Pride swells to record numbers as Jacobs’ appearance stirs controversy

By : Stephen Miller
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Come Out With Pride 2013 broke all records to become the largest LGBT Pride event in Florida. In its ninth year, the Oct. 5 rally and parade were the culmination of a week’s worth of activism, partying, and community-building that saw more than 120,000 people participate throughout the day, according to COWP estimates. Official City of Orlando numbers are expected Oct. 10.

“There are so many things this Pride that really hit 100%,” says Mikael Frank Audebert, Executive Director and Senior Executive Producer of COWP.

Although Audebert is overjoyed with this year’s growth, he’s already looking forward to improving the event next year.

See Watermark’s complete coverage of COWP – including loads of beautiful photo galleries.

Jacobs’ speech stirs controversy
The rally boasted many memorable moments, including the first time an Orange County Mayor, Teresa Jacobs, signed a proclamation and spoke to the crowd.

“COWP will continue to break down the walls of fear and prejudice and work to build a bridge to understanding and acceptance, until gays and lesbians are afforded the same rights and responsibilities as all Americans,” Jacobs read from her county proclamation of the event while standing at the bandshell.

Part of Jacobs’ motivation may be the passing of her aide and COWP leader Chase Smith, who at 41, lost a battle with cancer on Aug. 28.

“I am heartbroken that he isn’t here to share in this event, and in the pride of this community,” said a tearful Jacobs.

Still some were not happy at Jacobs’ inclusion in COWP, based on her past record with LGBT equality issues. In 2011 and 2012, Jacobs stalled on the implementation of a domestic partner registry, even passing up an offer to create the registry alongside the city of Orlando.

“I don’t want to intimate that her relationship with Chase was anything less than sincere,” said local civil rights attorney Mary Meeks (who often also contributes a column to Watermark). “As far as I know, though, Jacobs still would deny people like Chase the opportunity to marry and to adopt children.”

“Jacobs fought like hell for over a year to try to stop us from getting the domestic partnership registry. She eventually voted for it, but not because she supported it. I had many private conversations with her where it was clear she did not support it,” Meeks added.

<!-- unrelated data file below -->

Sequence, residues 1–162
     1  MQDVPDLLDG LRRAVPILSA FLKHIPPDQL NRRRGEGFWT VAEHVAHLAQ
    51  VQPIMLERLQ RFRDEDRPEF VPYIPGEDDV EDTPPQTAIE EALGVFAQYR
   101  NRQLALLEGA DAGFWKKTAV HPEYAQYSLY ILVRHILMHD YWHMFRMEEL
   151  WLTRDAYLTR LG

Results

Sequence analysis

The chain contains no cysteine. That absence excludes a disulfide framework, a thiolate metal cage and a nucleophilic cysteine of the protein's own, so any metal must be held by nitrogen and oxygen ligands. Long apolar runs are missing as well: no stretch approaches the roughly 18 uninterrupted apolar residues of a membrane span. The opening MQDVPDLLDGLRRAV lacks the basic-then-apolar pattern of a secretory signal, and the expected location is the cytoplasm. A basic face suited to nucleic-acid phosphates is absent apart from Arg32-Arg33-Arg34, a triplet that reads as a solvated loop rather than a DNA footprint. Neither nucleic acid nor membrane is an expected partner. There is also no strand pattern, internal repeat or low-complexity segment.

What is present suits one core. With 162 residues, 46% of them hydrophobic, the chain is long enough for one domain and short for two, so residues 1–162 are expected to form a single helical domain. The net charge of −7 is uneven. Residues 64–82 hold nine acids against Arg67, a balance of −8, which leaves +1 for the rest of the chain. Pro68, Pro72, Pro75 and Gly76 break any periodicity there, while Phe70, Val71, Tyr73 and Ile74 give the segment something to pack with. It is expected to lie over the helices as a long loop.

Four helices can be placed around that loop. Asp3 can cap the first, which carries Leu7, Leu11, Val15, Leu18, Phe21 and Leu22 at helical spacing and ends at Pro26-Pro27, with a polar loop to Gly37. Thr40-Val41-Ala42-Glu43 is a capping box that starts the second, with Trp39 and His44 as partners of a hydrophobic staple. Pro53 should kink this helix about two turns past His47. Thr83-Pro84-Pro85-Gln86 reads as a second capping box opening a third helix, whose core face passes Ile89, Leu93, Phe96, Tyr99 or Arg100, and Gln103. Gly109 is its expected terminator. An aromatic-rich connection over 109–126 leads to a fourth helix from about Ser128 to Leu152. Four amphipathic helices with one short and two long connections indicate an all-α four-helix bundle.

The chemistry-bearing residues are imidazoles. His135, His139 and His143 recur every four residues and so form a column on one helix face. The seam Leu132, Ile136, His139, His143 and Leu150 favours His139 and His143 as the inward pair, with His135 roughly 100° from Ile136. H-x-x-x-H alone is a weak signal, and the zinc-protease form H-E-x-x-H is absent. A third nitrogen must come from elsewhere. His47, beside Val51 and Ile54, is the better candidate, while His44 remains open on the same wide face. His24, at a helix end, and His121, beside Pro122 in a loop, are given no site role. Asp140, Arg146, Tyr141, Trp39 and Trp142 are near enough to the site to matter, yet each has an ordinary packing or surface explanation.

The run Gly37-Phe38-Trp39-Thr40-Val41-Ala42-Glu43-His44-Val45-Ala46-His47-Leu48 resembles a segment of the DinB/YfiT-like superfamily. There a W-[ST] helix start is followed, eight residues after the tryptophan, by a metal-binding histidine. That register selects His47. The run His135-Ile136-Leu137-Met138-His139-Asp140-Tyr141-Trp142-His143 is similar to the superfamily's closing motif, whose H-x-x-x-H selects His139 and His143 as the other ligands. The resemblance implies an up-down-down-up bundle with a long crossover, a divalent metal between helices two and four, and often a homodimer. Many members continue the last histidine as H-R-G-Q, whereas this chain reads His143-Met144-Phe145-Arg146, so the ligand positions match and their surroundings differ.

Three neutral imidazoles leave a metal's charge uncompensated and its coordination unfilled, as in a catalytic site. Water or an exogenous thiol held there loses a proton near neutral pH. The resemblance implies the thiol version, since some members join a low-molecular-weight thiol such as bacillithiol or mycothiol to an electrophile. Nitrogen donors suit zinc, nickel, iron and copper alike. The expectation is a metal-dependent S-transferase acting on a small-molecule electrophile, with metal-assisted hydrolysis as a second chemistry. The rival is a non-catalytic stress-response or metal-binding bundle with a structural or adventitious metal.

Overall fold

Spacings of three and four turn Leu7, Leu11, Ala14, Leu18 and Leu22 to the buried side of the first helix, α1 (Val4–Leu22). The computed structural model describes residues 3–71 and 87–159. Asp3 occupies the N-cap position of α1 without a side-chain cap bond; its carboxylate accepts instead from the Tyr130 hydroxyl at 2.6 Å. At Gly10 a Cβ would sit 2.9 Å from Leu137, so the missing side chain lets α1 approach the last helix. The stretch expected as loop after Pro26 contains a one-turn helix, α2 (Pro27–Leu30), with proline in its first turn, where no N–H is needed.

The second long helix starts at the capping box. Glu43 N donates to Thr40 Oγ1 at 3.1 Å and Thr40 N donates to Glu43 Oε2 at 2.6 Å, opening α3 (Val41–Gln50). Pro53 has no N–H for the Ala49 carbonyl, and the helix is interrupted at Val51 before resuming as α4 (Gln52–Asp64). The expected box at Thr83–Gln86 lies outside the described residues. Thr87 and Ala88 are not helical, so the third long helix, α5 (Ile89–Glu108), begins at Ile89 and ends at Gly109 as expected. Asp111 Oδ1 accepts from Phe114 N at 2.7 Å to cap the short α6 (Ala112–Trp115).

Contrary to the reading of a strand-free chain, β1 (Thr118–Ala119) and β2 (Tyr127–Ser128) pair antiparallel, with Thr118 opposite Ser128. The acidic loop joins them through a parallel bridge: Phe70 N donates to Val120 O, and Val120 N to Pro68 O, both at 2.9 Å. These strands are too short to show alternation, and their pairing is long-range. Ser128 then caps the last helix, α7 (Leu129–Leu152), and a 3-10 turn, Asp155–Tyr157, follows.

After nearly two years of frustrating negotiation with the Orlando political and community leaders, Jacobs and her county commissioners passed a nondiscrimination ordinance for Orange County on May 24, 2012.

“What stands out is what Jacobs didn’t say,” Meeks said. “She didn’t say she supports the right to marry. She didn’t apologize for what she put the community through in fighting for the domestic partnership registry.”

To Audebert, it’s clear that Jacobs’ participation was related to Chase’s death.

“I think her relationship with Chase may have affected her decision to participate,” Audebert said.

In reference to the Jacobs controversy, Audebert said that eight years ago, “half of the COWP sponsors” would not have attended the Pride event.

“Does it make them bad people today? No, evolution is a good thing,” he said. “You know, if tomorrow, Chick Fil-A came and said they wanted to be part of it, I’d applaud that. I want them to make an apology by being in the parade.”

At COWP, Orlando City Commissioner Patty Sheehan also spoke of Smith’s time as her aide. State Representative Joe Saunders spoke, and a proclamation by Senator Alan Grayson was read. LGBT service members were recognized, with special attention to reservist Lusinda Recor, who was promoted to Lieutenant Colonel.

The parade saw significant growth, which brought a few new hurdles to overcome for 2014. The number of floats increased from 82 last year to 101 this year, creating some long breaks as everyone was coordinated. Along Rosalind Avenue, many parade watchers got rambunctious and stood directly in the traffic flow, blocking some larger floats; the crowd was trying to interact with floats and marchers, causing some delays and safety concerns.

“Our top priority is safety, but we can only do so much if people decide not to follow our directives,” Audebert said, noting that extra police coverage and barriers to keep watchers safe in the future would bloat COWP expenses by another $12,000.

“Nobody wants us to charge, not even a dollar. Even I’m against that,” Audebert said, adding that he hopes he can find other solutions in the future to prevent people from putting themselves and parade participants in danger.

“The businesses in Thornton Park raised $3,000 to keep Pride in the area,” he reported.

The Saturday events concluded with fireworks, now in its third year and one of the most popular features of COWP.

“For the very first time, we had our vendors requesting to stay later, since the park still had so much foot traffic at 8:30 p.m.,” said Audebert, “Areas of the park that were always sparse were packed to capacity.”

Parliament House also reported a huge crowd. COWP grand marshal Taylor Dayne rode in the parade Saturday afternoon then headed to Parliament House for her Saturday night performance. According to Parliament House owner, Don Granatstein, Dayne sang to a crowd of 3,300 at the resort.

Prelude to Pride
The week’s events kicked off with John Waters bringing his one-man show to the Out in the Open film festival in a sold-out event. The director, author, and artist, famous for his skewed and crass humor, delighted the audience with his off-color stories and tasteless jokes.

“I love all these labels we give ourselves: bears, otters, fems, nancies, butches, and then I just heard one recently, blouse. I had to ask what it meant, and my friend told me, you know, blouse, an effeminate top.”

Waters also touched upon all of his full-length films in chronological order, each with an anecdote or two. He then opened up the floor to audience questions.